Jay Adelson: I just feel like there is a nicely contained, limited network problem that I tried to solve. So, on one hand we had to have the latencies of an MMO. We're not doing really head- to- head because we don't really have to, it's a turn- based world, but the visualizations and the response time had to have MMO latencies. And yet we had the volume that was so low that it's, from a financial standpoint, you can't...
Avi Freedman: crosstalk need to buy 800, 000 servers and distribute them around the world.
Jay Adelson: So we're doing it serverless, the whole thing, the whole thing. It is so much fun to do it this way, it's inefficient in some ways, but I got to say it is, thanks to folks like you who did all the hard SaaS work over the last 10 years, we don't have to do anything anymore. I did go to Equinix just a few days ago because our Force10 switch in our one rack that me and a bunch of friends still operate, SV1, decided to kick the bucket.
Avi Freedman: I can hook you up with a used Arista. That'll probably be better than running your Force10.
Jay Adelson: No, we should have shut this off long ago, but we still host net, remember Tasty Lime?
Avi Freedman: Yeah, yeah.
Jay Adelson: It's still operational. And I had to bring Jeff, and it was Jeff Rizzo, and it was so funny because we were walking to the data center and we hadn't been to network campus.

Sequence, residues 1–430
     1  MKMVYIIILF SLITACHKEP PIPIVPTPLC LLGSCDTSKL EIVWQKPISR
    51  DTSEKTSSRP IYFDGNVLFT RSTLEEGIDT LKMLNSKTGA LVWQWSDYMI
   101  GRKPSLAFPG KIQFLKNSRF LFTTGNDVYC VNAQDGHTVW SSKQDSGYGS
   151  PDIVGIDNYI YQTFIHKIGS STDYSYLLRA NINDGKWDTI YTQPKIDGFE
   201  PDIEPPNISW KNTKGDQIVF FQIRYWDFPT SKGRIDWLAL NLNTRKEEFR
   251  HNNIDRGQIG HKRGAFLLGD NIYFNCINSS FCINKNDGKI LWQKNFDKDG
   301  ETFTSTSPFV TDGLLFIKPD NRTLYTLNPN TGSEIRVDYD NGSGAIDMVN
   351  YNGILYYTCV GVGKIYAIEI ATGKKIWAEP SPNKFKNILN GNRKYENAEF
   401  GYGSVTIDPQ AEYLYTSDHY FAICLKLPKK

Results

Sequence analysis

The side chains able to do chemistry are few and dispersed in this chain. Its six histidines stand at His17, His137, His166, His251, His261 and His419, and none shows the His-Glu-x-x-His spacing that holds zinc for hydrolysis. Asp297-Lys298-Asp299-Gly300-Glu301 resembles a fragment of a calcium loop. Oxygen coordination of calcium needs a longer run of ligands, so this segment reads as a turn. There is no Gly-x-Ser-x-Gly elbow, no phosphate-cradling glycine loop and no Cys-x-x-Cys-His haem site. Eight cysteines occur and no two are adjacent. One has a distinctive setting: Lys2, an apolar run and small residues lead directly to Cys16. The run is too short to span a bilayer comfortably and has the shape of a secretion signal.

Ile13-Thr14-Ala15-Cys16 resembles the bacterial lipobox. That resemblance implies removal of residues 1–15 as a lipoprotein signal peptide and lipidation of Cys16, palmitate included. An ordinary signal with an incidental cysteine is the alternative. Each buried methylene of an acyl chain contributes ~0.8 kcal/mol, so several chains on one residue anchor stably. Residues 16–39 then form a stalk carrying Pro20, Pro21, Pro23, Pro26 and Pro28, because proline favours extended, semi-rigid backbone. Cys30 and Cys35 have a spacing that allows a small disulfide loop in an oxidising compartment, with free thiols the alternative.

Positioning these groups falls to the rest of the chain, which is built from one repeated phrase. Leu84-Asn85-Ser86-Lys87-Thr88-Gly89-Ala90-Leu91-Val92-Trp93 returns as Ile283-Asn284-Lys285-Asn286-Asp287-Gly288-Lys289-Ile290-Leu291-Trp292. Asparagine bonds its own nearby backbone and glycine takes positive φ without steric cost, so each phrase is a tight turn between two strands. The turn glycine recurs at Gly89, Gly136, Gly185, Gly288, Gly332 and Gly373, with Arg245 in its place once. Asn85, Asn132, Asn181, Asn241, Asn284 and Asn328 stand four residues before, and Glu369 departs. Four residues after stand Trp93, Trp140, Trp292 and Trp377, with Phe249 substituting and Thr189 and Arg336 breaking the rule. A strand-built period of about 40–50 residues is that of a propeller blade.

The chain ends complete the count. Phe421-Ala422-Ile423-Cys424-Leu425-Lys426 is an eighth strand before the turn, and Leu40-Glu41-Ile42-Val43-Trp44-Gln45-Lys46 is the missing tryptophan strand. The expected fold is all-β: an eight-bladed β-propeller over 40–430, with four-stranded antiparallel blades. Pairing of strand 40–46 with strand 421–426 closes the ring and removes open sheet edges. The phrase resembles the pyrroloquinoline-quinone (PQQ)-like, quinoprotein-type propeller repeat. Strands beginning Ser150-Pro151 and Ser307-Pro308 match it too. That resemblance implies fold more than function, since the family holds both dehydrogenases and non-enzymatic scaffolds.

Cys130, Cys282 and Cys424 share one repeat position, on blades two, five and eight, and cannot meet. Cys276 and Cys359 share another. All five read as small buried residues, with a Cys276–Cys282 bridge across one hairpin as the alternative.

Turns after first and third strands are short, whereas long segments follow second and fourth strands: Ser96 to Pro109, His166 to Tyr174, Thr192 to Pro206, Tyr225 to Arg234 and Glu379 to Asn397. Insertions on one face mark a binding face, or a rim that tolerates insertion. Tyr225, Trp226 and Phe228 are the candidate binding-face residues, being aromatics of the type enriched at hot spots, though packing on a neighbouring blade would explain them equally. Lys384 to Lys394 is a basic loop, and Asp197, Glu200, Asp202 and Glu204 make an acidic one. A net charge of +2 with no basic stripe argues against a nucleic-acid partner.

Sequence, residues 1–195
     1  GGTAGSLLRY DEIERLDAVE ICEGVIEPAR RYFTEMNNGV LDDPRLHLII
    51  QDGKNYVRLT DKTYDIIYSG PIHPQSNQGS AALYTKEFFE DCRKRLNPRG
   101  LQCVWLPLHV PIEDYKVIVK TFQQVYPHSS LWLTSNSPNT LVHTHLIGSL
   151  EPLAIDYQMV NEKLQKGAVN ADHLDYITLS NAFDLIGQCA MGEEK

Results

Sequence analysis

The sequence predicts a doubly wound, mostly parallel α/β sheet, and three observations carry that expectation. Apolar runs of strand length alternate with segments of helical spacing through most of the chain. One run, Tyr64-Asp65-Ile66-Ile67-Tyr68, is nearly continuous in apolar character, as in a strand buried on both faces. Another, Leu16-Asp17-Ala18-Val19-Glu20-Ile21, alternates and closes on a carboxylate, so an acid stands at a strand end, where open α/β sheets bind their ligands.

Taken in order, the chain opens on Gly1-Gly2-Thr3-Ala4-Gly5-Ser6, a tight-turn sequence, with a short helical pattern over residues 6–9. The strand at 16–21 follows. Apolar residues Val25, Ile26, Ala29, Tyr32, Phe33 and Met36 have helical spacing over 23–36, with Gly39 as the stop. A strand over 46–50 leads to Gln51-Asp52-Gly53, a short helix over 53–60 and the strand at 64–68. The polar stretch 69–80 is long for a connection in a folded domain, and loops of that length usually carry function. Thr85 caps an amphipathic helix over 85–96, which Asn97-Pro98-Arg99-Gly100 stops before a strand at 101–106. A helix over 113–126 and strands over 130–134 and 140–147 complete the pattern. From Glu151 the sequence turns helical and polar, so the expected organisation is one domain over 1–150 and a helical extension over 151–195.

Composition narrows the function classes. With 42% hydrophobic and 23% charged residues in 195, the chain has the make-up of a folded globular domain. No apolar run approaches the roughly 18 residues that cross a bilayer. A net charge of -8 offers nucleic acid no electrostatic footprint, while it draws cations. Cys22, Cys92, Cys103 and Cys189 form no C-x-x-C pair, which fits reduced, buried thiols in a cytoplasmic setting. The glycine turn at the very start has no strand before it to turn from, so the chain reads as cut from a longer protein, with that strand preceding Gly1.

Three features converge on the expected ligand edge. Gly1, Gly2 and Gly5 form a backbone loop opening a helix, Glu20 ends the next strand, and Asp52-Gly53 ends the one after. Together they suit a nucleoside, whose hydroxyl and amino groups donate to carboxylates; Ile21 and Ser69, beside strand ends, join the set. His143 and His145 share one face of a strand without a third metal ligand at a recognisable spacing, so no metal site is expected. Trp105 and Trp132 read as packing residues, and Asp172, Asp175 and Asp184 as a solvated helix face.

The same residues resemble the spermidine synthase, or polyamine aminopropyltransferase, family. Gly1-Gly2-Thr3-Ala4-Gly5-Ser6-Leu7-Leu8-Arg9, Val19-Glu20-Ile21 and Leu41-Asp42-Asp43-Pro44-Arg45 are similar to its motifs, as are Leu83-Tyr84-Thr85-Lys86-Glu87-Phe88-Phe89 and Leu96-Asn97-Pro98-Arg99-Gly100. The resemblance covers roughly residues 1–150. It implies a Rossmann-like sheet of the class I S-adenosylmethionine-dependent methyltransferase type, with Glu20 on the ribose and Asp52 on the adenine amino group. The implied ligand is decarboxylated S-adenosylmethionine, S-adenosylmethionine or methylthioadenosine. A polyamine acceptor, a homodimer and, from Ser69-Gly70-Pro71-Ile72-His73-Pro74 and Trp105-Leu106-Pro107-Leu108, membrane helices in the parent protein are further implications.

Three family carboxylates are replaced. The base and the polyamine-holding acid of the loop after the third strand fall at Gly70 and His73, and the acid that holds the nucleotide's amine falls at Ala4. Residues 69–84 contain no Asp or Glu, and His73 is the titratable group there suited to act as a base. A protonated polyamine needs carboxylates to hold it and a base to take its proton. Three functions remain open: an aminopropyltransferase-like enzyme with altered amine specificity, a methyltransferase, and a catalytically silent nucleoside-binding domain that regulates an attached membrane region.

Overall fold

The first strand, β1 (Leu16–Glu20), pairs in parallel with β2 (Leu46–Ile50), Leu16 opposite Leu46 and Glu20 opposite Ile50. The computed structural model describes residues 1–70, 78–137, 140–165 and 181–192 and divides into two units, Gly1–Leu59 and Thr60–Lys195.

Avi Freedman: crosstalk is basically in LA from, it's so far south in San Jose that I'm-
Jay Adelson: It might as well be.
Avi Freedman: Yes.
Jay Adelson: But we went from a place where it was an apple orchard the last time we were there and now it's three story buildings surrounding us. It was really weird. But yeah, I do occasionally go to a data center, but again, hopefully it's all turnkey now, I could just press a button.
Avi Freedman: That's right, it's all magic. I can't say we only run our own infrastructure because of the economics, because it's a nerding thing that I like. But the reason that it works, because every time half the people that we hire are like," We're doing what we're making a cloud, aren't we a SaaS company, why are we making a cloud?" It's like, look at all these other SaaS companies that make cloud, because they're our customers and they use cloud, like we do, but not for always- on stuff because that's really expensive. Idic, Infinite Diversity in Infinite Combinations. The problem is that is enterprise cloud architecture. But that's a story for another time. If you could go back and tell young Jay, maybe before Netcom or whatever age, a couple things to think about, do, lessons to put into context, do you have any idea what they would be?
Jay Adelson: Well, the first thing I would say to young Jay is, run.
Avi Freedman: Go teach.
Jay Adelson: You do end up doing what you love in the long run in whatever job it is that you end up paying the bills with. If you love to teach, you'll end up being a teacher, if you love to create new things. But if I could go back and talk to Jay, I would probably tell him that you don't have to be so angry. I spent the-